• 03/25/2021
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DirectX12 Sampler Feedback

Sampler Feedback is a hardware-accelerated feature introduced in DirectX12.2 and supported by Xᵉ-LP and later. Conceptually, it is the reverse of texture sampling: the shader Sample() intrinsic reads a number of texels from a texture and returns an average value. The new WriteSamplerFeedback() shader intrinsic writes to a binary resource "marking" the texels that would have been read. This enables two important usages:
  1. Sampler Feedback Streaming
    : when objects are drawn, we can simultaneously collect data about what texture data was required to draw the scene. By dynamically streaming only the visible portions of resources just-in-time, we can draw a scene that accesses more textures than could simultaneously fit in physical graphics memory, if they all had to be entirely physically resident. Sampler Feedback includes a "min mip map" feature to facilitate this usage: a single-layer texture where each texel represents a region of the streaming texture. Each texel is an integer (byte) representing the minimum mip that was sampled in that region. If the sampler feedback region size is set to match the tile size of a reserved resource, the result is a map that informs what tiles to stream. Min-mip-maps are very small, e.g. for a 16kx16k BC7 reserved resource, the corresponding sampler feedback min-mip-map with region size 256x256 is only 64x64 bytes or 4KB in size: much smaller than the 350MB texture it represents.
  2. Texture Space Rendering
    : Texture-Space Rendering was pioneered by Intel® in a Siggraph 2014 research paper [Clarberg et al. 2014]. At that time, we observed that the cost of pixel shading is tightly coupled to both the geometric complexity and the screen resolution which has only increased over time as workloads enable richer visual environment using tessellation, complex lighting calculations using pixel shading and higher resolution displays. Instead of shading directly through traditional pixel shaders, the application uses Sampler Feedback to mark a mask which corresponds to the texels it requires. This mask can then be referenced in a subsequent compute shader pass and the required texels can be shaded at a resolution and frequency determined by the developer in texture space as opposed to a fixed screen space resolution and frame frequency. Once shading to texels is completed, in a separate lighter weight pass, pixels in screen-space are mapped into texture space, and the corresponding texels are sampled and filtered using standard texture lookup operations.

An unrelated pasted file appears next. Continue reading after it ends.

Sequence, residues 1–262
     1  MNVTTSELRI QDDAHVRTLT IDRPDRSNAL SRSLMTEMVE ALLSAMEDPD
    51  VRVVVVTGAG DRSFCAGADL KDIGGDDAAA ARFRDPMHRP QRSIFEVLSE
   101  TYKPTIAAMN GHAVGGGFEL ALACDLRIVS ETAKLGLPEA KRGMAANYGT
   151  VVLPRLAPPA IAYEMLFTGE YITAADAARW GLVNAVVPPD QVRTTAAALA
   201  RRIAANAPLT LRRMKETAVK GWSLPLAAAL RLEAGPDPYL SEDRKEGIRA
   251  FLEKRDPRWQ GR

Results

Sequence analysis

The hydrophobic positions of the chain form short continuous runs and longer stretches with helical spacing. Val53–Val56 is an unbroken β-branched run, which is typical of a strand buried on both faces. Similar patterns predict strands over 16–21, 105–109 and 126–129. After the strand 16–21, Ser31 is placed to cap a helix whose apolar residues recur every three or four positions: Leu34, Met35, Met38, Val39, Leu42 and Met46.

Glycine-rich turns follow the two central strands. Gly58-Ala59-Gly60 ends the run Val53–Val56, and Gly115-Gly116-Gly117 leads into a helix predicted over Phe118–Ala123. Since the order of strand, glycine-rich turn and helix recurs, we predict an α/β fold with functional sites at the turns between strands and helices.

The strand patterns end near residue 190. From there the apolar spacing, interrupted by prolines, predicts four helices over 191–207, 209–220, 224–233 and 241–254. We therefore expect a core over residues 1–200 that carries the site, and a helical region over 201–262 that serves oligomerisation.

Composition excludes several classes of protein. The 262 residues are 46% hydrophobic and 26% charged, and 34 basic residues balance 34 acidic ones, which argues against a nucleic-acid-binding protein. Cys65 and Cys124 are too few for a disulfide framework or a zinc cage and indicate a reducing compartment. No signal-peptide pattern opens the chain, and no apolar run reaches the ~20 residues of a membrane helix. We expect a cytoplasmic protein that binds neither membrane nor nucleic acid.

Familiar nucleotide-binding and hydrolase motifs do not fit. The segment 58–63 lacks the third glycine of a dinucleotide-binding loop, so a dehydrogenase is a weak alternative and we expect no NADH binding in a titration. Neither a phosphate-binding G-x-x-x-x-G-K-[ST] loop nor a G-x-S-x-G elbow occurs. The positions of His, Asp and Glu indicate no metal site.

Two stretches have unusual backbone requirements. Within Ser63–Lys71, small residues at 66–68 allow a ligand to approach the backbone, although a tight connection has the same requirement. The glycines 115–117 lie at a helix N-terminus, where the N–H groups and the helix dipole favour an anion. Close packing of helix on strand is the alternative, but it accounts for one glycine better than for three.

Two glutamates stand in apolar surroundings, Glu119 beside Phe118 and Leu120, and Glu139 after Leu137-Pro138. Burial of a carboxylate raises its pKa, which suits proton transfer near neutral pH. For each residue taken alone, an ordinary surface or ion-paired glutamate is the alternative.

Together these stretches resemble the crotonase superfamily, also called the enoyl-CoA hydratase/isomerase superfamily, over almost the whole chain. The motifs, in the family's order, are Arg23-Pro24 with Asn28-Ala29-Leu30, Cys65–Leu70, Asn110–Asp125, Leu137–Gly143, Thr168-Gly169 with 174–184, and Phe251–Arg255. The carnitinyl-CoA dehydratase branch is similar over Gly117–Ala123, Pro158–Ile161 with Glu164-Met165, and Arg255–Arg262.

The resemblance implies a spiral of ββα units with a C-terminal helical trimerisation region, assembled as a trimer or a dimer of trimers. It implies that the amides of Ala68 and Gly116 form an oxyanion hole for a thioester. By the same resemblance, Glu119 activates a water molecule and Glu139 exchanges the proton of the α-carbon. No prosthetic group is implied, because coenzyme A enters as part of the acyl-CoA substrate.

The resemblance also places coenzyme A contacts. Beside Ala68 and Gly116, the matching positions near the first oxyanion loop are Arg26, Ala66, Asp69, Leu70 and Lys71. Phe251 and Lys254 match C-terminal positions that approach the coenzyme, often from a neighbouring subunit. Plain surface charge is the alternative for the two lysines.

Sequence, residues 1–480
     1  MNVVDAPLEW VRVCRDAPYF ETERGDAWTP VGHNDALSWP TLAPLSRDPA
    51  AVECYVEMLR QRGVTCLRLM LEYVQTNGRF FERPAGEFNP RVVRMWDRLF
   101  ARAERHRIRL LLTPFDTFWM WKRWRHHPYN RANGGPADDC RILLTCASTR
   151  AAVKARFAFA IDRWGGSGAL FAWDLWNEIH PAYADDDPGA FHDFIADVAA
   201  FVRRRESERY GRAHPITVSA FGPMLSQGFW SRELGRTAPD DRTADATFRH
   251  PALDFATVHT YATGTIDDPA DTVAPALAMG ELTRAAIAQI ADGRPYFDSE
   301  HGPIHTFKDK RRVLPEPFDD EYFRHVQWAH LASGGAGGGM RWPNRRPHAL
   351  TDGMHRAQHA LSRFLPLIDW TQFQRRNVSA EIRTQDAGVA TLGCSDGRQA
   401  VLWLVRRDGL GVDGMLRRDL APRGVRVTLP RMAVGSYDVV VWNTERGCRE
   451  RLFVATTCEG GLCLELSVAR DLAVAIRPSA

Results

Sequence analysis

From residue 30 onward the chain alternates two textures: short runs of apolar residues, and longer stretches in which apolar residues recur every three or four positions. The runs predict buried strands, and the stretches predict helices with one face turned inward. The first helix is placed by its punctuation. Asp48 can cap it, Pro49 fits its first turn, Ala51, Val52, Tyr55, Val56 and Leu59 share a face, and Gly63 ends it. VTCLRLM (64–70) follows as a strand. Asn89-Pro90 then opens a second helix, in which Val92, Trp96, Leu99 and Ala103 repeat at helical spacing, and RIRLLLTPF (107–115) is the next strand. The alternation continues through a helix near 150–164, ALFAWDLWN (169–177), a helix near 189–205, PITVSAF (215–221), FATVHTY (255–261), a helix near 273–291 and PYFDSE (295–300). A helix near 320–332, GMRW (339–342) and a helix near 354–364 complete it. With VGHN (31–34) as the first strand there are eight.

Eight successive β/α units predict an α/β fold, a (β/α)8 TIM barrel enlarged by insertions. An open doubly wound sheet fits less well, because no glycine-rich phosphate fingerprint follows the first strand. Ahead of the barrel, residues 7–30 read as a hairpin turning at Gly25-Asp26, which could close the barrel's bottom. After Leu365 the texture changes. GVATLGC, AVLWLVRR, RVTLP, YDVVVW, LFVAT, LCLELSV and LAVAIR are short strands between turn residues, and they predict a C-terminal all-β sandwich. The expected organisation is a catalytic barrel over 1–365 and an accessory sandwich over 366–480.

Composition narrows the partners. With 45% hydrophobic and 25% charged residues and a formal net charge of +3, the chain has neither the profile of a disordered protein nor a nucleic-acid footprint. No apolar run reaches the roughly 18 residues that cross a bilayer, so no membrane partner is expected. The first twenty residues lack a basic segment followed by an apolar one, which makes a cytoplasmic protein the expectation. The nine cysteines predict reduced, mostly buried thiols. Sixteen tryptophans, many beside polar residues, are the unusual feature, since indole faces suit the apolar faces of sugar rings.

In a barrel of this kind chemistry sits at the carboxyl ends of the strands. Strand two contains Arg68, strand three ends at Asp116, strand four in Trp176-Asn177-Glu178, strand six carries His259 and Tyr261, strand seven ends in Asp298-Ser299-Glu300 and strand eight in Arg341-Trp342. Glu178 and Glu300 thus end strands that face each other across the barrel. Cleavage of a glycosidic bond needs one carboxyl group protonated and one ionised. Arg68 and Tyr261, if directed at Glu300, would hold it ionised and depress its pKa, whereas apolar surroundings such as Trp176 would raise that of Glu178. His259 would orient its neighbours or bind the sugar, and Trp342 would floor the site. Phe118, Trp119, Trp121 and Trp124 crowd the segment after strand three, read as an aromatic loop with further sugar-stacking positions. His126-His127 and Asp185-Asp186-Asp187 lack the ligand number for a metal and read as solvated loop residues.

This feature allows pixel shading to be largely independent of the geometric complexity or screen resolution and adds new texture LOD methods to control level of shading detail. These abilities are introduced to temporally decouple the shading pipeline from the traditional sample, pixel or coarse shading rates. AMFS can provide sizable gains over traditional pixel shader approaches as shader complexity, geometry or MSAA samples increases.

Product and Performance Information

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Performance varies by use, configuration and other factors. Learn more at www.Intel.com/PerformanceIndex.